Passengers Who Witnessed Bus Beheading Drop Lawsuit Against Greyhound

Passengers Who Witnessed Bus Beheading Drop Lawsuit Against Greyhound

By The Canadian Press

Vince Li
Vince Li, the accused in the Greyhound bus beheading of Tim McLean last Wednesday night, appears in a Portage La Prairie court Tuesday, August 5, 2008. The psychiatrist of a man who beheaded a fellow passenger aboard a Greyhound bus is recommending Vince Li be moved from a mental hospital to a community group home in Winnipeg. (THE CANADIAN PRESS/John Woods)

Two Ontario women who were traumatized by a beheading on a Greyhound bus have dropped their lawsuit against the company.

Kayli Shaw and Debra Tucker were on the bus in central Manitoba in July 2008 when another passenger – Vince Li – attacked his seatmate.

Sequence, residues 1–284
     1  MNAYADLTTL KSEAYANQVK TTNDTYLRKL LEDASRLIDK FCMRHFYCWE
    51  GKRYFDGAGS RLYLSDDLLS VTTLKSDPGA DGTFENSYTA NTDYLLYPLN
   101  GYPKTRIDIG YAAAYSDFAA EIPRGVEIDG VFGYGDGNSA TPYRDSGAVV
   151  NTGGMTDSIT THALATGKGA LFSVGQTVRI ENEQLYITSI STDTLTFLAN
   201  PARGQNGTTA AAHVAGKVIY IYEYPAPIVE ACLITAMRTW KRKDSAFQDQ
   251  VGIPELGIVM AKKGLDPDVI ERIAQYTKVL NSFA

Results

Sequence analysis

Passengers fled and police surrounded the vehicle as Li cut up and cannibalized Tim McLean’s body.

Shaw and Tucker accused the company of not providing adequate security and of leaving them with anxiety, depression and post-traumatic stress.

Greyhound denied the accusation and said it could not be sued under Manitoba’s system of no-fault vehicle insurance.

Shaw, who is from London, and Tucker, who is from Port Colborne, have discontinued their lawsuit; however, Tim McLean’s family is still pursuing similar legal action.

Li was found not criminally responsible for the beheading and sent to a psychiatric institution. He was initially kept in a locked ward but has been granted more freedom each year since then.

His doctors say he suffered from schizophrenia and heard voices telling him to attack McLean. But they add he has taken medication faithfully and made a lot of progress in the ensuing years.

The lawyer that represented Shaw and Tucker did not respond to requests for comment Tuesday. A spokesman for Greyhound said no one was available for an interview.


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